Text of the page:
The Dilemma
Many small to mid-sized businesses are often caught in a “To Market Research or Not To Market Research” dilemma and by Market Research, I mean traditional market research methods like focus groups, survey polls, etc. So why is there this dilemma? To nail it, it’s because of time and money. As a business manager you are often crunched for time before product launches, ad campaigns, and constrained by budget too.

So then you may ask – how to market research? Use tools like Survey Monkey? Sure, if you feel all you need is a range of 100 – 250 responses per month … Or, if you are a small business or network surveying your internal staff for cafeteria food improvements or annual Christmas party venue ideas, by all means, go for it.  However, if you are launching a product or campaign and would like to test it before the big launch, using a third party research company specializing in the field should be the preferred route to take. Responses require analysis and credible/effective analysis requires thought and strategic direction. Survey Monkey does neither for you.

A tool providing a broader respondent base at a given point in time would seem more beneficial. Don’t you think? Do I hear Market Research company?

The Million-Dollar Question
Is market research imperative to business /product/brand success?

The Answer
“Marketing without traditional research still creates a blind target”

If you don’t know whether your product or service is relevant to your target market, you are not only wasting your valuable marketing and sales bucks on product development, but also on your distribution and advertising campaign.  Miriam Hara from 3H Communications puts it very aptly, “Sometimes a $1K spend is more costly than a $10K spend – after you do the math.” Be farsighted. Think long-term customer loyalty via knowing customer demand. Translate that into sales. Translate that into dollars. Translate that into a happy boss. A happy boss equals promotion, which equals a bonus, which equals a happy you.

A lot of big marketers like to back up their ‘Market research is not important’ outcry by quoting what Henry Ford famously once said, “If I’d have asked my customers what they wanted, they would have told me ‘A faster horse’.” Steve Jobs was one of them. In an interview with Fortune Magazine’s senior editor, Betty Morris, he was quoted as saying famously, “we do no market research” when it comes to choosing strategy. And when it came to connecting with his consumers, he spoke about launching the innovative Apple iPhones after talking to everybody around him and finding out how much they hated their cell phones. iTunes Music Store? Same story. Observing people around him, he realized how much everyone loved their music and that they all wanted to carry their music around with them.  It “seemed like the writing on the wall” that electronic music transfer is the future. Ironically though, Apple is known to conduct surveys to get customer feedback on its products and service.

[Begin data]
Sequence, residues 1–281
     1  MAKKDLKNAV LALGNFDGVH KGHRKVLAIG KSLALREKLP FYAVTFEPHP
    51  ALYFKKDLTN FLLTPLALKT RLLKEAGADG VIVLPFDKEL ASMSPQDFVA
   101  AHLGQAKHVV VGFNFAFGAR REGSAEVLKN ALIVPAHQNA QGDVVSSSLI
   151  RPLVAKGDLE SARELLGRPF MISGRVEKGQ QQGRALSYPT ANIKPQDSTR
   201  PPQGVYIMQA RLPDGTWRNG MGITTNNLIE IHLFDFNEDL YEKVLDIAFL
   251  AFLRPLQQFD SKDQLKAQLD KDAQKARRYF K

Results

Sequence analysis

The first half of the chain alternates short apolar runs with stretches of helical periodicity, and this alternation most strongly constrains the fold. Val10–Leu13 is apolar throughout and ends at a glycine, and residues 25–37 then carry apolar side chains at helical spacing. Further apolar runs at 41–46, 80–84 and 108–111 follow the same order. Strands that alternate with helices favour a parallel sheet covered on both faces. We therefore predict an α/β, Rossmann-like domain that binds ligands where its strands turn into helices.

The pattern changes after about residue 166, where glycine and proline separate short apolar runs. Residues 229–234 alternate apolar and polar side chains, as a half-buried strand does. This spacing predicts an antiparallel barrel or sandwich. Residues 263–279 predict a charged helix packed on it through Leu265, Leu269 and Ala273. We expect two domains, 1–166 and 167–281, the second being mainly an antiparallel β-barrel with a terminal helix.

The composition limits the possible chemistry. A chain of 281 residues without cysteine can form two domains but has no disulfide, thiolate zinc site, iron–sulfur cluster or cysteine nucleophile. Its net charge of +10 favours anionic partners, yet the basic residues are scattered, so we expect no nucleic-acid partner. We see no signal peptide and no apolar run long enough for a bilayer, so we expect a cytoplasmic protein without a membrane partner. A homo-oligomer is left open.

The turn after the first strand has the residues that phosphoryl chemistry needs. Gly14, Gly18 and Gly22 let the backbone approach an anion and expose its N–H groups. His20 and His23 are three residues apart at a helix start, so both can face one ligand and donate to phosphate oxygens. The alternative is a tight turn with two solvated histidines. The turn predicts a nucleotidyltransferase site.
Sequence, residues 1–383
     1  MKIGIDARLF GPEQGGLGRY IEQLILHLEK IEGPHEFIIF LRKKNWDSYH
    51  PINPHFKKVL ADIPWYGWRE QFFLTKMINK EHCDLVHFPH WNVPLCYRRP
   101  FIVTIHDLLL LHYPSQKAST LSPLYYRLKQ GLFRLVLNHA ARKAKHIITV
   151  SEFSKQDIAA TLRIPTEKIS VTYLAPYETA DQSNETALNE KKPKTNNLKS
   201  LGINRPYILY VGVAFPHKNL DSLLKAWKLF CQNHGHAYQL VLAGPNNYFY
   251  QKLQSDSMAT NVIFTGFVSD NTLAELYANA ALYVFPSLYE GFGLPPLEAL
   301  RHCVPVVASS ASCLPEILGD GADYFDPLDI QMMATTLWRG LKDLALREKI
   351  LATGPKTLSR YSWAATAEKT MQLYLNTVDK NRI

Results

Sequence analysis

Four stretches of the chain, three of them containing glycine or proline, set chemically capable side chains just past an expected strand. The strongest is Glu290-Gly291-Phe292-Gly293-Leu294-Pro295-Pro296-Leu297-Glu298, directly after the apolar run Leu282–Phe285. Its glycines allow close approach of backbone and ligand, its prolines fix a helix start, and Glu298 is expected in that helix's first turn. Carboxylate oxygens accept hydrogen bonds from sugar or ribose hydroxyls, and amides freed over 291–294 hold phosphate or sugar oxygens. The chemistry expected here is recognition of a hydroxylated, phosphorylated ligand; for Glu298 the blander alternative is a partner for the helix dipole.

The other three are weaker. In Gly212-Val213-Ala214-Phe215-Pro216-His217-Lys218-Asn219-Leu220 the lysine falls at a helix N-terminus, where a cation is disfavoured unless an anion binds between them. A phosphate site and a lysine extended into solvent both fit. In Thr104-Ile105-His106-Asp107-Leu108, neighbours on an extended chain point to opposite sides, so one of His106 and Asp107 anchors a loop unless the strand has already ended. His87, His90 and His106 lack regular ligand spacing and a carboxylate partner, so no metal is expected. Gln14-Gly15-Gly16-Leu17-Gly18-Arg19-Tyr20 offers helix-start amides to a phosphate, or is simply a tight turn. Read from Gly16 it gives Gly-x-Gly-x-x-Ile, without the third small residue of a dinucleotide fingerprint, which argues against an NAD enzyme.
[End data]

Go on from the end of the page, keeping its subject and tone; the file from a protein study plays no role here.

“Know your market. Know their market”

If you don’t talk to your target market, you won’t know how to beat competition. Knowing about the strategies and plans of your competitors is Marketing 101.

“Don’t assume. Ever.”

Don’t assume you know what the consumer likes or dislikes. Find out and adapt.

“Good enough is never good enough”

As much as your family and friends’ opinions are valuable in your personal life, they are not good enough when it comes to your business. They don’t want to hurt your feelings. Start off with secondary research if you really can’t spend much. But try to use both primary and secondary research. Oh, and just in case you missed the point above, let me reiterate … Please don’t use Survey Monkey.

To conclude, “Dare to be surprised: Use research”.

The cost of a market research project is typically less than the media cost associated with a product or an ad campaign launch. So an unsuccessful campaign translates into a waste of all those big media bucks.

So what do you think is the roadway to business success? To Market Research or Not to Market Research?

(Miriam Hara’s e-book quotes are available on